Equality Impact Assessment Record
|Title of policy/practice/ strategy/legislation etc.||Children (Scotland) Bill|
|Minister||Minister for Community Safety|
|Lead official||Hannah Frodsham|
|Officials involved in the EQIA||name||team|
Looked after Children unit;
Justice Analytical Services;
Children & Families Analytical Services;
Family Law Unit;
|Directorate: Division: Team|| Family Law Unit
Civil Law & Legal System Division
|Is this new policyor revision to an existing policy?||New legislation|
The overarching policy objectives of the Children (Scotland) Bill are to:
- ensure the views of the child are heard in contact and residence cases;
- further protect victims of domestic abuse and their children;
- ensure the best interests of the child are at the centre of contact and residence cases and Children's Hearings; and
- ensure further compliance with the United Nations Convention on the Rights of the Child (UNCRC) in family court cases.
The most relevant National Outcome is:
- We grow up loved, safe and respected so that we realise our full potential.
The effect of the Children (Scotland) Bill will be to further protect children and young people who are the subject of a contact or residence dispute or Children's Hearing. The Bill aims to help meet this National Outcome by ensuring our children grow up in an atmosphere of happiness, love and understanding and that children are not left worried or isolated. In addition, the Bill includes provisions ensuring the views of children are heard in contact and residence cases.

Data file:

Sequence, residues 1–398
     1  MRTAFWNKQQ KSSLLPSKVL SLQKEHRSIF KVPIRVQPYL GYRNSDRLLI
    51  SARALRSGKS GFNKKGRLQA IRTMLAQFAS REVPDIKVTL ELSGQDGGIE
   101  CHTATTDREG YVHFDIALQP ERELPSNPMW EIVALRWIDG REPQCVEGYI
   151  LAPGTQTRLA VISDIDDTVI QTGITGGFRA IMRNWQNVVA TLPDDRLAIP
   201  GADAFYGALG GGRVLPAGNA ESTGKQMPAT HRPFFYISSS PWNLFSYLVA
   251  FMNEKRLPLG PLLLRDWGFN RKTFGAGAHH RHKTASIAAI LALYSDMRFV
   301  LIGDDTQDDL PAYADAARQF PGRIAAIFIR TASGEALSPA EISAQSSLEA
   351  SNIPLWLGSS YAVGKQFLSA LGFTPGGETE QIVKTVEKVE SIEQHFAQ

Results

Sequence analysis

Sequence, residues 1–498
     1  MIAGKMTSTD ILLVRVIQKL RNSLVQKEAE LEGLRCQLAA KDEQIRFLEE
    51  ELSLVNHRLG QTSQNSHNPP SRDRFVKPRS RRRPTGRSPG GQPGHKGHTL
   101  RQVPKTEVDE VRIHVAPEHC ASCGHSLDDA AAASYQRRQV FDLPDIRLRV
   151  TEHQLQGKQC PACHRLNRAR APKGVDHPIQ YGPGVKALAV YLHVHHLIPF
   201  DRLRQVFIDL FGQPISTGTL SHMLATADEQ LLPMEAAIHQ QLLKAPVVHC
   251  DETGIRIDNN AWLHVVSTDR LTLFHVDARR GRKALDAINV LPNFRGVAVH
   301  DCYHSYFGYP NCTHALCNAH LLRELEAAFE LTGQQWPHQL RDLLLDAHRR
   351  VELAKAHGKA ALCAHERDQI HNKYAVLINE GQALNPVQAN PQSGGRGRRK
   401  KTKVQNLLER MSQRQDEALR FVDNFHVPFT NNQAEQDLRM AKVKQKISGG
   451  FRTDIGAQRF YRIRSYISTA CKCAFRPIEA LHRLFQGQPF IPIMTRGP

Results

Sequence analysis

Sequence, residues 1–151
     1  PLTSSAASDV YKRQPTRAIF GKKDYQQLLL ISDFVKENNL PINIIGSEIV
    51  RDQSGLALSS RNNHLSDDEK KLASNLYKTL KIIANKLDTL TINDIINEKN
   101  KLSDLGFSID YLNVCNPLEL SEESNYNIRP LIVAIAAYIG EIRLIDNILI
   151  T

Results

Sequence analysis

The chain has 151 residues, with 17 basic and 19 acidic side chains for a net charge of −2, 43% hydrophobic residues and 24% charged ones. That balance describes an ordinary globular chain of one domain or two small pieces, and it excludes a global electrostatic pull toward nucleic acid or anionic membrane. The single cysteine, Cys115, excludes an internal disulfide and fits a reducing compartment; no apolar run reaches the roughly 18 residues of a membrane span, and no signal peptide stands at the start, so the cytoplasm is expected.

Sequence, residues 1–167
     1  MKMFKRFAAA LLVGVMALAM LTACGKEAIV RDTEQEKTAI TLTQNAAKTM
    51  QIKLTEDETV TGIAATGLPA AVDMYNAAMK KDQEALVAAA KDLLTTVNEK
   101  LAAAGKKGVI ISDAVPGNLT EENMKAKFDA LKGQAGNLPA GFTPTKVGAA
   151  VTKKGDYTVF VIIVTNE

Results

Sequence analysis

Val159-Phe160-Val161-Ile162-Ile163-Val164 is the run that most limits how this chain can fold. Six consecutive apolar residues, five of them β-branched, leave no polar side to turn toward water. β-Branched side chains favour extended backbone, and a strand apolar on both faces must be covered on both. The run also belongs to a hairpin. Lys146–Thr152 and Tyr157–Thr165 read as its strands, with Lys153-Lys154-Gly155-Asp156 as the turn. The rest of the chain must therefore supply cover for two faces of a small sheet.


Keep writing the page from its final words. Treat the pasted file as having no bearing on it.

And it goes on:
Who will it affect?
The Bill will affect a wide range of people including:
- children or young people involved in the life of the young person at the centre of a case under section 11 of the Children (Scotland) Act 1995 or Children's Hearing;
- the child or young person at the centre of the court case or Children's Hearing;
- Child Welfare Reporters and curators ad litem;
- child contact centres in Scotland;
- the courts;
- family members of the individual attending court;
- individuals who are attending court to apply for an order under section 11 of the 1995 Act;
- lawyers who are acting for parties in family cases;
- local authorities who are ordered to produce a child welfare report by the court;
- parents, family members or other adults who are involved in a court case or Children's Hearing;
- Principal Reporter;
- Scottish Children's Reporter Administration;
- Scottish Legal Aid Board (SLAB); and
- siblings of a child looked after away from home.
What might prevent the desired outcomes being achieved?
The cost implications of some options considered, when identifying the best ways to meet the aims of the Bill, lead to them not being considered viable.
A number of the provisions in the Bill require amendments to court rules. Rules of court are made by Act of Sederunt and are a matter for the Lord President on behalf of the Court of Session and the Scottish Civil Justice Council. If the Lord President and the Scottish Civil Justice Council do not make the required amendments to the rules of court this may affect some of the provisions in the Bill.